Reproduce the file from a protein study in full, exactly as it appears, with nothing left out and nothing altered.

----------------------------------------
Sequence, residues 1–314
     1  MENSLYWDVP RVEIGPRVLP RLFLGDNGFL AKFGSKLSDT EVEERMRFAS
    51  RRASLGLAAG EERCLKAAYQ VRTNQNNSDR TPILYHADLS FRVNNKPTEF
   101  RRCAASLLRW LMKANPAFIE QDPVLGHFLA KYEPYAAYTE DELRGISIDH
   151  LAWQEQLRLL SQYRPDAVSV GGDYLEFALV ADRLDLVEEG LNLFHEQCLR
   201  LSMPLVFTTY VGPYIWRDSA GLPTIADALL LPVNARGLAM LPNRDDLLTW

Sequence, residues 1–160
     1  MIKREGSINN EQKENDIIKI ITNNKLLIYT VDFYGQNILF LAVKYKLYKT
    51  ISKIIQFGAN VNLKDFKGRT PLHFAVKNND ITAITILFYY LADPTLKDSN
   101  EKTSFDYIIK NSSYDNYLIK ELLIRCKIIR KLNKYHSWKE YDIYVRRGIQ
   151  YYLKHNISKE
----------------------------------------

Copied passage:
Sequence, residues 1–314
     1  MENSLYWDVP RVEIGPRVLP RLFLGDNGFL AKFGSKLSDT EVEERMRFAS
    51  RRASLGLAAG EERCLKAAYQ VRTNQNNSDR TPILYHADLS FRVNNKPTEF
   101  RRCAASLLRW LMKANPAFIE QDPVLGHFLA KYEPYAAYTE DELRGISIDH
   151  LAWQEQLRLL SQYRPDAVSV GGDYLEFALV ADRLDLVEEG LNLFHEQCLR
   201  LSMPLVFTTY VGPYIWRDSA GLPTIADALL LPVNARGLAM LPNRDDLLTW

Sequence, residues 1–160
     1  MIKREGSINN EQKENDIIKI ITNNKLLIYT VDFYGQNILF LAVKYKLYKT
    51  ISKIIQFGAN VNLKDFKGRT PLHFAVKNND ITAITILFYY LADPTLKDSN
   101  EKTSFDYIIK NSSYDNYLIK ELLIRCKIIR KLNKYHSWKE YDIYVRRGIQ
   151  YYLKHNISKE